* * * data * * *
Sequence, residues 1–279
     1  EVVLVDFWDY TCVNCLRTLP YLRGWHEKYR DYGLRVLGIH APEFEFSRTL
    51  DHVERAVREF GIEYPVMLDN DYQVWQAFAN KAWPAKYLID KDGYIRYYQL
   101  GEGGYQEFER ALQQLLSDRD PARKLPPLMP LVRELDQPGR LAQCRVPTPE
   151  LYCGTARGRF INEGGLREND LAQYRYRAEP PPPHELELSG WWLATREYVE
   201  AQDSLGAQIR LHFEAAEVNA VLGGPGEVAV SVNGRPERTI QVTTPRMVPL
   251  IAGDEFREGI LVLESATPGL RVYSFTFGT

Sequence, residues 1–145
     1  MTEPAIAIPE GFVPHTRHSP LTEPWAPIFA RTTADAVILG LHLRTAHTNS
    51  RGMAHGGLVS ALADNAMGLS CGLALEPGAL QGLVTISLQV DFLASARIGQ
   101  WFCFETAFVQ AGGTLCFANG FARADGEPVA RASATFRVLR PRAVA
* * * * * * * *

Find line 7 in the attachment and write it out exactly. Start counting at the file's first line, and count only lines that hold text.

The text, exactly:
   251  IAGDEFREGI LVLESATPGL RVYSFTFGT